When is sesshin not a sesshin? When the participants are all sitting apart from one another, in their homes, where we are conditioned to kick back and enjoy ourselves and where silence and seclusion have to be negotiable.

Still, who of us couldn’t benefit from a good, solid stretch of extended sitting—and in concert with others whom we can actually see sitting? Our experience with this new form has been that it’s surprisingly effective. After some experimentation, we’ve settled on the daily schedule below, somewhat lighter than at our standard sesshins at Chapin Mill. It begins a bit later each morning and includes wider break periods, as follows:

First Night
7:00 – 9:30 pm zazen
6:00 – 8:00 am zazen with dokusan
8:00 – 9:30 breakfast / break
9:30 – 12:30 zazen with teisho
12:30 – 2:00 pm lunch / break
2:00 – 4:00 zazen with dokusan
4:00 – 7:00 dinner / break
7:00 – 9:30 zazen with dokusan
Last Day:  same as above, until
After teisho Zazen and final dokusan, ending around 1:00 p.m.

Who Is Eligible

Our limit of participants (via Zoom) is 99, and based on our experience to date, we hope to be able to accommodate everyone who registers. But if applications were to exceed 99, the following two factors would come into play: 

  • Extent of participation: As shown, the schedule includes four primary blocks of sitting. If more than 99 people register, Roshi will feel obliged to give preference to those who will be attending full-time. After that, part-time participants will be accepted (all other factors being equal) on the basis of how many of the sitting blocks they want to attend, with those applying for the least participation going last. The minimum participation is for one of the four main blocks.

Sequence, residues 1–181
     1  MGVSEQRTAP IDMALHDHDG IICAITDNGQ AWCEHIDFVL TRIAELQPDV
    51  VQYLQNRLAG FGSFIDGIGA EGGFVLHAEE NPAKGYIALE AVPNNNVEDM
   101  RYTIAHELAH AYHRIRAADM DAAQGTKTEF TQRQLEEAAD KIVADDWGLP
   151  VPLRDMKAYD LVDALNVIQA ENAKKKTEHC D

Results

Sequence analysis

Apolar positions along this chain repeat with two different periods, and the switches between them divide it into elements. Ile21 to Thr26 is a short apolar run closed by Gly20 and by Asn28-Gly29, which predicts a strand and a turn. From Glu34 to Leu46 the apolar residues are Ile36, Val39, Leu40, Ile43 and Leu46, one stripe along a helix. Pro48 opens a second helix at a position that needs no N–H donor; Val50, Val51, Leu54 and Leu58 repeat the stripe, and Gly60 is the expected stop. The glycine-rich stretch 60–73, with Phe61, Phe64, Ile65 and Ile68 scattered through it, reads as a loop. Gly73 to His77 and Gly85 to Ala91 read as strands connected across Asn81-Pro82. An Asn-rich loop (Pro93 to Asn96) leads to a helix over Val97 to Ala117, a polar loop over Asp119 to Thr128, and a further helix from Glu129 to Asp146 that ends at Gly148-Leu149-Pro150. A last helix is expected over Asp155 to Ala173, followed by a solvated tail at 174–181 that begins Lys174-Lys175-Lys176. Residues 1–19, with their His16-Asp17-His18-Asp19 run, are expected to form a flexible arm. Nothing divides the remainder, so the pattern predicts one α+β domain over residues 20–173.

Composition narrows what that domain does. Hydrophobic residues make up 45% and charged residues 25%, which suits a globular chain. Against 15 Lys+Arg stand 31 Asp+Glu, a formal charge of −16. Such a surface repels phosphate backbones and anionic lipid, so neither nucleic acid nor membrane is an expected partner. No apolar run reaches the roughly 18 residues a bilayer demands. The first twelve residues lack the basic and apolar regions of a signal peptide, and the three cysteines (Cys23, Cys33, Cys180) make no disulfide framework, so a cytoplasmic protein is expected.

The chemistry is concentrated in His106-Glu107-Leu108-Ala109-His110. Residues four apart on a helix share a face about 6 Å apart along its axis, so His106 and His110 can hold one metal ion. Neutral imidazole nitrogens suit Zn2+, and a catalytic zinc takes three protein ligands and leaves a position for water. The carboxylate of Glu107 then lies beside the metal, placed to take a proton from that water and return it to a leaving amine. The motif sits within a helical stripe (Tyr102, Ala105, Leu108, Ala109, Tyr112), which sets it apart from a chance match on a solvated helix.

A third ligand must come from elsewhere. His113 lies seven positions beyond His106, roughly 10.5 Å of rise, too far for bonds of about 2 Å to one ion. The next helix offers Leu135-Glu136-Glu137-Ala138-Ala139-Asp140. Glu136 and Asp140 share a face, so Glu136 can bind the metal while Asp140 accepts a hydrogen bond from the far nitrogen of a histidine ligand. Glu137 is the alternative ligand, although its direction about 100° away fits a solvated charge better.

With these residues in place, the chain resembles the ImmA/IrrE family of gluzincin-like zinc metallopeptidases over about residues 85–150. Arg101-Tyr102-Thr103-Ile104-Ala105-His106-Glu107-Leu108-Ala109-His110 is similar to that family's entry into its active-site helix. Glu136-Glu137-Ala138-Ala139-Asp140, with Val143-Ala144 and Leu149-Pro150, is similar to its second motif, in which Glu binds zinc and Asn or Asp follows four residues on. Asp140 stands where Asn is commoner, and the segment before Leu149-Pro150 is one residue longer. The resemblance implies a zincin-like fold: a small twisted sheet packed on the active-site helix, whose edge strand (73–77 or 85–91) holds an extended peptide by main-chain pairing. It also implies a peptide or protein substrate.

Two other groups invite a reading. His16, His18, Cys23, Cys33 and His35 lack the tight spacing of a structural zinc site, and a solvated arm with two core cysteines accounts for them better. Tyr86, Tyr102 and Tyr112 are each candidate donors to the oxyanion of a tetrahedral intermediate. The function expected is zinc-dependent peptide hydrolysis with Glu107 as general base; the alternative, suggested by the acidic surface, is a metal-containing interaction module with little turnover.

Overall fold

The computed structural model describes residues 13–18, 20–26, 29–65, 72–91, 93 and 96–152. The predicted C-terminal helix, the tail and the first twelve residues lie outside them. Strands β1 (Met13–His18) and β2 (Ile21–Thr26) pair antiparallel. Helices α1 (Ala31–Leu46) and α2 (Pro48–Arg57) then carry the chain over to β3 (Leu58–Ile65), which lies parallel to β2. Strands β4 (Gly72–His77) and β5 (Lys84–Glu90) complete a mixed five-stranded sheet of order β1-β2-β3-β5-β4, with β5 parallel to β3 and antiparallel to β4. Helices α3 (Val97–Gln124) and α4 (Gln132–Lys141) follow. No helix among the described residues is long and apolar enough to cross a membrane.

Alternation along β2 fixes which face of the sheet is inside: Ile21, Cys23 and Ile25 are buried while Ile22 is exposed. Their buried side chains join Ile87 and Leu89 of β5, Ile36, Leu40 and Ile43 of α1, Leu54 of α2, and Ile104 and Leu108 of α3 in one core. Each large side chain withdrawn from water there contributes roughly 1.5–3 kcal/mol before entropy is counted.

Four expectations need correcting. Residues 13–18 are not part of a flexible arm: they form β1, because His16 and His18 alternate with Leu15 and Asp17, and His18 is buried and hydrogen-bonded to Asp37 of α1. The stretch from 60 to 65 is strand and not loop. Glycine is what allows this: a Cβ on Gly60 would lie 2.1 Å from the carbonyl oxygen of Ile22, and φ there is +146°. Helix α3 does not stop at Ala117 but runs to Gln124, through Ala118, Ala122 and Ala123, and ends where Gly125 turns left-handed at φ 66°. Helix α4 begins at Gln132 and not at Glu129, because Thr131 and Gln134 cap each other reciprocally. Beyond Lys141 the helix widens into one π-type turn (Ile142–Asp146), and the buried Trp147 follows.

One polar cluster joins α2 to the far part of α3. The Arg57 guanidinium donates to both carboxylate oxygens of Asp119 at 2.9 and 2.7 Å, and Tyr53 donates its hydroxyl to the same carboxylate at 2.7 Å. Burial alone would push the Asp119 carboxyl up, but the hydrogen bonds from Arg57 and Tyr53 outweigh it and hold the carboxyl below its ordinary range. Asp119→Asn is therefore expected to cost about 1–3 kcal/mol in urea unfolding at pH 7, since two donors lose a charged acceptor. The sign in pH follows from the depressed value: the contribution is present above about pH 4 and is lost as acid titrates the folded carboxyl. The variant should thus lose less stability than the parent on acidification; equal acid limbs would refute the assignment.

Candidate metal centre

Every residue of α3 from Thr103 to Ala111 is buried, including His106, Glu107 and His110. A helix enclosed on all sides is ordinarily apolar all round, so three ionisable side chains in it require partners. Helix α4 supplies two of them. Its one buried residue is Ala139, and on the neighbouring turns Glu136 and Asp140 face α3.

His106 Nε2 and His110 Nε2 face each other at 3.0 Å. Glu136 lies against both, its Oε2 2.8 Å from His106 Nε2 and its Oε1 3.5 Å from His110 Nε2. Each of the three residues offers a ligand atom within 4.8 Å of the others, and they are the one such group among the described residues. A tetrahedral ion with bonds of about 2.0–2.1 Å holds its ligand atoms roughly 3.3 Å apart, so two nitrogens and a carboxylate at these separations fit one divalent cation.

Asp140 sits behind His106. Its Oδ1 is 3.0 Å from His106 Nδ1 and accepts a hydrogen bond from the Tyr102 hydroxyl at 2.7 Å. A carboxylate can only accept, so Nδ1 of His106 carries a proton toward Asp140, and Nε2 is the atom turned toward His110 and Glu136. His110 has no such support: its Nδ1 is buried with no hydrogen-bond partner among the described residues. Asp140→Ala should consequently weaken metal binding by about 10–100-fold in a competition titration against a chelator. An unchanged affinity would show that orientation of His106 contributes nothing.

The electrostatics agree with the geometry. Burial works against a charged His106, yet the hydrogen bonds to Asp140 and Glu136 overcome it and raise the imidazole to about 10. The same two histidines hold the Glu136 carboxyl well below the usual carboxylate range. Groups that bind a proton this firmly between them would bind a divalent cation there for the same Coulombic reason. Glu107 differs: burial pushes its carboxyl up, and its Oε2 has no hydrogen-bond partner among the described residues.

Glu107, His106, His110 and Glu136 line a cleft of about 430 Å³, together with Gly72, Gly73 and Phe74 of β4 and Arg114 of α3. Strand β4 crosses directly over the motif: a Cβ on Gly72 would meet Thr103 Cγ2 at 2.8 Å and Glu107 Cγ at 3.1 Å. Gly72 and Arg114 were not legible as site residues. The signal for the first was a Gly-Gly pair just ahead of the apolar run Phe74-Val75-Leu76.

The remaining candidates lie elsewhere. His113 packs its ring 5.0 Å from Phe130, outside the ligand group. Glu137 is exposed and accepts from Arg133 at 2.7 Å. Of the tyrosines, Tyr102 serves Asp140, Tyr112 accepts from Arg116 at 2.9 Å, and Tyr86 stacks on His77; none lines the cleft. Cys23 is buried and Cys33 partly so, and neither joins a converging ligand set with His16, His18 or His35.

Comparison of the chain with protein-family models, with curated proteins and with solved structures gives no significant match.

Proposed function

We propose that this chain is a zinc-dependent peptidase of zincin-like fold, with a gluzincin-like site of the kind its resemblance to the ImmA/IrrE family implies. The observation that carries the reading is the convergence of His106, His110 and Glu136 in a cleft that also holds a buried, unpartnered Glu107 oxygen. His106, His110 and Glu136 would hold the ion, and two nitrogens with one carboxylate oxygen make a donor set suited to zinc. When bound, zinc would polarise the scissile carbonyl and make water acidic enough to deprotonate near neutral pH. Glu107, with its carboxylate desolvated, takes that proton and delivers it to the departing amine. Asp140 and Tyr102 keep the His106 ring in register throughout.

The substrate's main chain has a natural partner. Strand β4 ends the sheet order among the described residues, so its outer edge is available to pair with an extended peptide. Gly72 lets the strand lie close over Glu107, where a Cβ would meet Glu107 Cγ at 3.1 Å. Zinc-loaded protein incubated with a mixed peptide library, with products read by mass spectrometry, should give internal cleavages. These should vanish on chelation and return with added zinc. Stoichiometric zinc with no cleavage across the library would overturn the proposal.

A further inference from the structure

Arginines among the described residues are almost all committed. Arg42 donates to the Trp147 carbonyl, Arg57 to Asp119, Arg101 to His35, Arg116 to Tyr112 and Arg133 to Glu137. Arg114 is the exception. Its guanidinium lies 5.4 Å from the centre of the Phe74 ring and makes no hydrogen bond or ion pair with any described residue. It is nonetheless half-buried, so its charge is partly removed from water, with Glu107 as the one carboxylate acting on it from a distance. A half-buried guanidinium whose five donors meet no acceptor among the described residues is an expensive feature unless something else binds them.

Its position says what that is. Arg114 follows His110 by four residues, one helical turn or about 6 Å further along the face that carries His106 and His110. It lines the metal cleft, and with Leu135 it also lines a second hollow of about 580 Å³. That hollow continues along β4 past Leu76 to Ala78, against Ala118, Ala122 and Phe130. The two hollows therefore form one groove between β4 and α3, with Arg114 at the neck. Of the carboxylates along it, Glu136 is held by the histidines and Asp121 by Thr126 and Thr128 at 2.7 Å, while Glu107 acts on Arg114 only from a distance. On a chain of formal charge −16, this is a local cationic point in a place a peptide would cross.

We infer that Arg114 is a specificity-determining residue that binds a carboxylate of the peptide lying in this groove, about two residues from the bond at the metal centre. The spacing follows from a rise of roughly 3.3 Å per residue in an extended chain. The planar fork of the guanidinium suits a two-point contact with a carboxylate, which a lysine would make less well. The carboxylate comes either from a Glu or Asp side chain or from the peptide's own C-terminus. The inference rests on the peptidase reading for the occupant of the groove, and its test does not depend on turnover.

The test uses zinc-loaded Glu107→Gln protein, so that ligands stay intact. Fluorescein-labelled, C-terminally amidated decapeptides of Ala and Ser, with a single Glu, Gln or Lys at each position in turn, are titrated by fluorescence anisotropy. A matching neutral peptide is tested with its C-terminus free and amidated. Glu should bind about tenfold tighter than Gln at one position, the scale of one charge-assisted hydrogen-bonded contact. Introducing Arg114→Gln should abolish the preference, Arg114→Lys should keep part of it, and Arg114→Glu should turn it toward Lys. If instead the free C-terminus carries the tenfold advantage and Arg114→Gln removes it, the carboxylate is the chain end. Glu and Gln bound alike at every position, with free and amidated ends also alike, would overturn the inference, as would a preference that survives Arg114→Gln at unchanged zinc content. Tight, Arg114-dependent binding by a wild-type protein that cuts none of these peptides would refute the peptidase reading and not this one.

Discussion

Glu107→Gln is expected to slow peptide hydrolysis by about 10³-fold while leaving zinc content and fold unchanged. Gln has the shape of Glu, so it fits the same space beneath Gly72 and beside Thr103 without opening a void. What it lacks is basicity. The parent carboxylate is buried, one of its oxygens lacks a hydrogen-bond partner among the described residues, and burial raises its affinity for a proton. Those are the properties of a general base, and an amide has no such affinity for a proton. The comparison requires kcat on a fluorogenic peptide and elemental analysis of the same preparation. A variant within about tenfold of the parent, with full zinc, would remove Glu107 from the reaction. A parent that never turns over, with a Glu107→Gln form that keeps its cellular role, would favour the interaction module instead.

• Membership: people who are officially members of a Cloud-Water Center (Rochester, Auckland, or other) will be given preference.

 (If numbers are not a problem, people who aren’t even registered for the sesshin may also plug into the sittings, but without going to dokusan.)


Once you’ve registered for one or more of the four main blocks, you’ll be expected to be present from beginning to end. This will give some fiber to what is otherwise a fairly allowing schedule. If you know before sesshin that you’ll have to miss a bit of the schedule, due to an appointment, for example, let Trueman Taylor (cpt0628@gmail.com) know of that need beforehand. And if after sesshin has begun you find that due to unforeseen circumstances you have to miss one or more rounds of a block for which you signed up, please notify Trueman as soon as possible, and he will pass that along to whichever of the “monitors,” or Zoom hosts  is on duty for that block.


Since we don’t know how many people will attend sesshin, and thus what the demand will be for dokusan, we ask that those who wish to be eligible for dokusan attend at least two of the four blocks of sitting, including one in which dokusan is offered.


As in a traditional sesshin, the rounds of sitting will be interspersed with short periods in which to do kinhin (formal walking zazen) or otherwise practice zazen in activity. 


Just apply online in the usual way. If you plan to attend part-time, note which blocks you’re signing up for.  


We’re leaving it up to each participant to contribute whatever they can afford. This year the Center could very much use an infusion of revenue to help compensate for the cancellations of sesshin and rental retreats at Chapin Mill, but then many members will also feel financially strapped. So just give what you can afford.